Πέμπτη, 25 Ιουνίου 2015

FAA Implements Safety Reporting Program for Aircraft Certification Service Employees


The U.S. Department of Transportation’s Federal Aviation Administration (FAA), in partnership with the National Air Traffic Controllers Association (NATCA), today began a safety reporting program called the Safety Review Process (SRP). The 18-month pilot program, which is open to all bargaining-unit employees, allows FAA employees who work in the Aircraft Certification Service (AIR) to elevate safety concerns without fear of retaliation.

“It is critical that our DOT employees have the opportunity to work in an environment where they are comfortable coming forward with safety concerns,” said U.S. Transportation Secretary Anthony Foxx. “This new safety review process will further advance our culture of safety and help ensure that the flying public has the best, safest experience possible.”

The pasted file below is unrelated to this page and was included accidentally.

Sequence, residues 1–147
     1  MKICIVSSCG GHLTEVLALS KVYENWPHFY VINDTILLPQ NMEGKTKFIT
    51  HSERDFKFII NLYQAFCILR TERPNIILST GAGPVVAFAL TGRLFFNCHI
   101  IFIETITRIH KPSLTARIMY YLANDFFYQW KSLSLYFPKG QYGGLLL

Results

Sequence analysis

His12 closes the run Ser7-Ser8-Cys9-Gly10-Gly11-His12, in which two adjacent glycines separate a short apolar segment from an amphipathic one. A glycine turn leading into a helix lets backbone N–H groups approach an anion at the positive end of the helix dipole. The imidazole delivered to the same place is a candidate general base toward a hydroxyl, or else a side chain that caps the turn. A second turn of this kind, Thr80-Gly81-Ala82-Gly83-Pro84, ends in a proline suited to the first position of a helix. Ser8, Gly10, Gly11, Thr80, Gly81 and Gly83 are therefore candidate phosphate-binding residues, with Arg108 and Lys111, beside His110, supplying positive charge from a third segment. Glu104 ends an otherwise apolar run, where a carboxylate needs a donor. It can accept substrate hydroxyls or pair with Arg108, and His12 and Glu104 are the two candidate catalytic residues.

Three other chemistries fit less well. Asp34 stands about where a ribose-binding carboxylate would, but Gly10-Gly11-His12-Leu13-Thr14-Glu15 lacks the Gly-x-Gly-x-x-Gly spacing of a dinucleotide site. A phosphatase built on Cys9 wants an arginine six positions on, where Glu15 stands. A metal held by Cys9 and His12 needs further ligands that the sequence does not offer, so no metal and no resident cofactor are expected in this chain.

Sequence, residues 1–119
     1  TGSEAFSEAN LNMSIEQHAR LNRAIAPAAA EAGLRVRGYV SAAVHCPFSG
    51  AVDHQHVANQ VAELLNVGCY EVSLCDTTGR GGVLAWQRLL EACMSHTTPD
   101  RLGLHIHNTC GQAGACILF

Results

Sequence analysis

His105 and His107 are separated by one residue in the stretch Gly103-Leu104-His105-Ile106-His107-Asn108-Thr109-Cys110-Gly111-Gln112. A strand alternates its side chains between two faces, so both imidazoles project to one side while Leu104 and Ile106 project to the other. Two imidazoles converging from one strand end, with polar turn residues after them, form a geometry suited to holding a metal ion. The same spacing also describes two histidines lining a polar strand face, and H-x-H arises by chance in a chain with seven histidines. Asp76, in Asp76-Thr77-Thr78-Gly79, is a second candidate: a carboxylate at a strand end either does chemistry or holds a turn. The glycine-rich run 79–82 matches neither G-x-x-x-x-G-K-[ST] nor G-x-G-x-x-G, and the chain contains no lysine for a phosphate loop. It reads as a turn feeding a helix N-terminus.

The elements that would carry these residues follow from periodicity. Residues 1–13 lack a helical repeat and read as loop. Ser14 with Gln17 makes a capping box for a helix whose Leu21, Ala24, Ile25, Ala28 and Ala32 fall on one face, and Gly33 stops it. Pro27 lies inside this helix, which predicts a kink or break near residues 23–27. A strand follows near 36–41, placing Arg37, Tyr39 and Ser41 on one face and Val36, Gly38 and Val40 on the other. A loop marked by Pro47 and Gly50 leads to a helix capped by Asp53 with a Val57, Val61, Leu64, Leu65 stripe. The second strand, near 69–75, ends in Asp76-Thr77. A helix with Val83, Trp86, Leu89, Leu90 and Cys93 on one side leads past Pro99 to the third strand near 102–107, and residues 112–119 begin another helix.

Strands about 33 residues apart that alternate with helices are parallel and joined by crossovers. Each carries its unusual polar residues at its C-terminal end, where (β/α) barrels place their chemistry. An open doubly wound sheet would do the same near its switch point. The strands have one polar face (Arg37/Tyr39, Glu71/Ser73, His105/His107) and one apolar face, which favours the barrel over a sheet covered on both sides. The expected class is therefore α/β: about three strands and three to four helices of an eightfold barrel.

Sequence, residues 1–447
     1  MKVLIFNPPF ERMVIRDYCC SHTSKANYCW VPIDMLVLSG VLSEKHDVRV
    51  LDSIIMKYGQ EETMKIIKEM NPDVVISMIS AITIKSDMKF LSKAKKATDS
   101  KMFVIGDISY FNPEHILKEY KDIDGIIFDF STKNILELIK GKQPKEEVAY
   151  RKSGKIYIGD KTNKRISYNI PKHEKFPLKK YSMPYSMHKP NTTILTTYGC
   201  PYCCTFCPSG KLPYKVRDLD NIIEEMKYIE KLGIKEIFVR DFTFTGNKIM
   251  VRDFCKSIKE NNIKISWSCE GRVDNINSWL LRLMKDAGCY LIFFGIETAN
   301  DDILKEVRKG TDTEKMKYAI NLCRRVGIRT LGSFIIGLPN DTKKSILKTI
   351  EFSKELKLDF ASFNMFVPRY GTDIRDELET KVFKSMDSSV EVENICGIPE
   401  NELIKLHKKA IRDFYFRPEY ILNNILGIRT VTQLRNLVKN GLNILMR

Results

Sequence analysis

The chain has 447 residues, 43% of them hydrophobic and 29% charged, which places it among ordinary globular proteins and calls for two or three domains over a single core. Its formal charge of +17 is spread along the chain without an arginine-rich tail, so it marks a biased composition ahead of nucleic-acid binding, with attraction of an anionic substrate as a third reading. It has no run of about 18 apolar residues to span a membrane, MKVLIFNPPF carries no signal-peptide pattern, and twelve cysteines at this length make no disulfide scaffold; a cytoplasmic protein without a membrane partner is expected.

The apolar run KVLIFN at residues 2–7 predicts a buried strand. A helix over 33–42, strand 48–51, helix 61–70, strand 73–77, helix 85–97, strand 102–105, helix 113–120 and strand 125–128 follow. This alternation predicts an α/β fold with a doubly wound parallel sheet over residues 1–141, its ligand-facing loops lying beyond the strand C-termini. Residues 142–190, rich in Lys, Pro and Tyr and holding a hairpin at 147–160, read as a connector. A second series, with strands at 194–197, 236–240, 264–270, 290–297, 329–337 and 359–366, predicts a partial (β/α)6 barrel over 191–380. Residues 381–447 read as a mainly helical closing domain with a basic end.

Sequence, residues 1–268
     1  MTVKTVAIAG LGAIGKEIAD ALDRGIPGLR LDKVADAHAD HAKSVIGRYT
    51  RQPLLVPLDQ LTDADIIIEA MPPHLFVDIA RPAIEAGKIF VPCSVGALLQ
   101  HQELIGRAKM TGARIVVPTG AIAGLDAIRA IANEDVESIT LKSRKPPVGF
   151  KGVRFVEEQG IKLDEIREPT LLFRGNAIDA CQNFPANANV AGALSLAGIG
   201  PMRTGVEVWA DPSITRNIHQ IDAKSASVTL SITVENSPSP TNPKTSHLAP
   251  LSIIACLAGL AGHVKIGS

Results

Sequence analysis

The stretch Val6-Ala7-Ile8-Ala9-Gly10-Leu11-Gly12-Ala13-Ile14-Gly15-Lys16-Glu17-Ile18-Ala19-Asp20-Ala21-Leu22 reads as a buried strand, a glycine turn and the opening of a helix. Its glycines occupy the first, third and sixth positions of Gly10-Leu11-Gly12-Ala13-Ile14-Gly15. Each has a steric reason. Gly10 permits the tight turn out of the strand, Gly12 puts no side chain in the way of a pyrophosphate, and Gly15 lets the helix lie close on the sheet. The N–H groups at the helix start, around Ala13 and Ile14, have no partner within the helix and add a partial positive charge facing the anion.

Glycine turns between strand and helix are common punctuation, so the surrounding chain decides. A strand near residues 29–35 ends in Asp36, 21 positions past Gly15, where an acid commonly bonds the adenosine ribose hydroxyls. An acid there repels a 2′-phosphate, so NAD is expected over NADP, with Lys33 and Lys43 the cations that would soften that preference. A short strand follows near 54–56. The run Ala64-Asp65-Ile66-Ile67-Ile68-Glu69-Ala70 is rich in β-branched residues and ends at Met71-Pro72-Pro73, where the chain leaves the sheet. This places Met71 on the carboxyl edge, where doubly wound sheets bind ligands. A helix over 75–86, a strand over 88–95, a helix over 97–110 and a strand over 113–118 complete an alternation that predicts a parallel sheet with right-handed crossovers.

Modeled after a similar process implemented by the FAA’s Office of Airports last year, the SRP fosters a voluntary, cooperative, non-punitive environment for open reporting by the more than 700 AIR employees represented by NATCA, and provides a tool to quickly elevate safety-related concerns. The FAA expects that most safety concerns will continue to be resolved at the local level. However, the SRP will provide another way for employees to identify potential safety issues. An evaluation of the SRP will occur after the 18-month pilot program concludes, to determine if it will become permanent.

“The FAA has a highly motivated workforce dedicated to our safety mission,” said FAA Administrator Michael P. Huerta. “This program extends voluntary reporting opportunities to even more of our employees.”

“We are pleased to have this additional voluntary safety reporting system in place for the Aircraft Certification Service,” said NATCA Regional Vice president Mike MacDonald. “Voluntary reporting systems are a proven vehicle to improve the safety culture, and the AIR Safety Reporting Program will further reduce the safety concerns of both the FAA and NATCA.”

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